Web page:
Ralph Vaughan Williams’ unconventional opera The Pilgrim’s Progress is a culmination of the composer’s 45-year-long creative output. Documenting the incredible variety of his musical style, it feels like a time-lapse of Vaughan Williams’ musical journey. Inspired by John Bunyan’s novel The Pilgrim’s Progress, the opera turns a Christian allegory into a universal tale of spirituality. It will surely be one of the highlights of the RNCM’s Spring Season.
‘As I walk’d through the wilderness of this world, I lighted on a certain place, where was a Denn; And I laid me down in that place to sleep: And as I slept I dreamed a Dream.’
These are the words that open what is arguably the first English novel. One of the best-loved and most widely read books in English literature, The Pilgrim’s Progress by John Bunyan tells the story of an everyman figure – Pilgrim – who journeys from his home, the City of Destruction, through a series of challenges and temptations to the Celestial City on Mount Zion – salvation. First published in 1678, the novel has been translated into over 200 languages and has never been out of print.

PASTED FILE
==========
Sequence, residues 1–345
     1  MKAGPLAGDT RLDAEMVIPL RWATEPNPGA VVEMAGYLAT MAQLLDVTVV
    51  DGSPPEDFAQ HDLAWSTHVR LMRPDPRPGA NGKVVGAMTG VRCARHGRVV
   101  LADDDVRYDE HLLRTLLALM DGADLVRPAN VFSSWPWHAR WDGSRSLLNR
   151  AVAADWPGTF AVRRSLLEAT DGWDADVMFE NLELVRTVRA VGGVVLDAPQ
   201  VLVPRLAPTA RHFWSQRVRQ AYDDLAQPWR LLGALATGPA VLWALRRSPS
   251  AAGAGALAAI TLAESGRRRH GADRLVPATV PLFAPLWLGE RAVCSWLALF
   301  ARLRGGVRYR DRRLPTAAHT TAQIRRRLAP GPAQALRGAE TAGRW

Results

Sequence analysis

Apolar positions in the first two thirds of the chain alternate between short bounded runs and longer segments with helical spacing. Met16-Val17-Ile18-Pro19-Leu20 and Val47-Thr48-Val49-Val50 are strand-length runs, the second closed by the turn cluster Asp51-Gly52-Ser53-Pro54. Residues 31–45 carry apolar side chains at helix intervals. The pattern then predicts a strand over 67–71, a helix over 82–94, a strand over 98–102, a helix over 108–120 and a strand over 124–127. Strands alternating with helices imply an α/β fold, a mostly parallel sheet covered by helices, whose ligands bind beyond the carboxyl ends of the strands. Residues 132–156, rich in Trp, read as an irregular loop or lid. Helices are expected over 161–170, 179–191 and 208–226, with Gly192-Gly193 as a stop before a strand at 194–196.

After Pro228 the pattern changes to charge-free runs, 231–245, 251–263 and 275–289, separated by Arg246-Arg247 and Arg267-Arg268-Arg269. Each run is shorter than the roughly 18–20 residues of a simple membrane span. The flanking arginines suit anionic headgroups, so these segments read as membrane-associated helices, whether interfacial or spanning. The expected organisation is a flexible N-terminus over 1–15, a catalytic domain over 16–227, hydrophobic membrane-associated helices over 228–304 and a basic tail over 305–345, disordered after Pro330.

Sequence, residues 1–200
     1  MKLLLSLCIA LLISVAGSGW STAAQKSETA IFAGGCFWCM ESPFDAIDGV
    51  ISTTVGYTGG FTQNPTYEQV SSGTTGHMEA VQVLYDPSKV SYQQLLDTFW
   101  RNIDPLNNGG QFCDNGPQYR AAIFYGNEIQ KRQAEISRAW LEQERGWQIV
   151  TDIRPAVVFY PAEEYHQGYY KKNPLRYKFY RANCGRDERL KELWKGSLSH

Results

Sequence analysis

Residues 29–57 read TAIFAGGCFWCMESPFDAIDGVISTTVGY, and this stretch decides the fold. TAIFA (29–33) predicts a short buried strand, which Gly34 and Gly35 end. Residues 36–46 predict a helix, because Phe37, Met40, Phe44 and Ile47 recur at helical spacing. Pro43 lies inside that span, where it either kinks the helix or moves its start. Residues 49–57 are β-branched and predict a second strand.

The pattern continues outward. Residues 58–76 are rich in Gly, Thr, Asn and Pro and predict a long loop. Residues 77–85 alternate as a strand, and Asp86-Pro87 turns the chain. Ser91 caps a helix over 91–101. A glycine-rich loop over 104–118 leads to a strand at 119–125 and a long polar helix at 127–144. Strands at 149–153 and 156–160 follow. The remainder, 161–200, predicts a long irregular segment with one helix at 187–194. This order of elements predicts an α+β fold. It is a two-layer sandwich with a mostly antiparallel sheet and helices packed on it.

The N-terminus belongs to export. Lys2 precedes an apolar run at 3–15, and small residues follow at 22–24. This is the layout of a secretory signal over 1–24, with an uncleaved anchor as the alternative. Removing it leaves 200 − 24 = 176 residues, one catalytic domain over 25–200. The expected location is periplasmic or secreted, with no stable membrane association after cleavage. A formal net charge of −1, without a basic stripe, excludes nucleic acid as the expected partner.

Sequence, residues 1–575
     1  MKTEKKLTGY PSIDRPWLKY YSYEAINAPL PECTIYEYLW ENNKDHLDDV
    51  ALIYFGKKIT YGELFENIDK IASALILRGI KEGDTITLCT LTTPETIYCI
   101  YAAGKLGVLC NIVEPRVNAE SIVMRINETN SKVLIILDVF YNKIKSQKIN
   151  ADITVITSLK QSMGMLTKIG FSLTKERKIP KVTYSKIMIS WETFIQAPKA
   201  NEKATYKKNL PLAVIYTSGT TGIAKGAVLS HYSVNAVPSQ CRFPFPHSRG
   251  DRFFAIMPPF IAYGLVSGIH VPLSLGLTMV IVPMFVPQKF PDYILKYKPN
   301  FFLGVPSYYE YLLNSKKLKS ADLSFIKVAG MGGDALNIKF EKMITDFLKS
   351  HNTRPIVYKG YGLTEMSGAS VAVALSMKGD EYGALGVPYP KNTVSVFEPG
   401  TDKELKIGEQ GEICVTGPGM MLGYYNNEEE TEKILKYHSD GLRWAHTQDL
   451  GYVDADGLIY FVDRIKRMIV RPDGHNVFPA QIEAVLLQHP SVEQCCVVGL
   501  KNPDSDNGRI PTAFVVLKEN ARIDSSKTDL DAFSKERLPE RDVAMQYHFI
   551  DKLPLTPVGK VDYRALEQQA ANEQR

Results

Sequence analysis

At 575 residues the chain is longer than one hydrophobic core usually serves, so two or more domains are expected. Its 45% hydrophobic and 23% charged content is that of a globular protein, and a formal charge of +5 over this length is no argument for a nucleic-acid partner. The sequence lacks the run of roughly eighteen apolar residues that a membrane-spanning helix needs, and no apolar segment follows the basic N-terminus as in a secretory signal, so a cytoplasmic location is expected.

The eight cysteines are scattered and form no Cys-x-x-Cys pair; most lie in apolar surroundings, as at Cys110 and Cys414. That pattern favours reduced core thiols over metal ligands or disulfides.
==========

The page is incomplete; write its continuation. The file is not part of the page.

One of its many readers was Ralph Vaughan Williams, who was so enamoured with Bunyan’s novel that he took it with him to the trenches of the First World War. Flash forward four decades and the composer’s full-scale opera based on the novel was being premiered at Covent Garden. A spiritual and uplifting work, it offers us the best of Vaughan Williams – both the gentle lyricism of his pastoral style, and his darker side that lived with the horrors of war.
This new RNCM Opera production of The Pilgrim’s Progress is set, aptly, during the First World War. We see the Pilgrim character as a deserter who leaves his fellow soldiers behind to embark on a quest for better things. A highly ambitious production, it should be a great evening of entertainment, and one of the Spring Season’s highlights.
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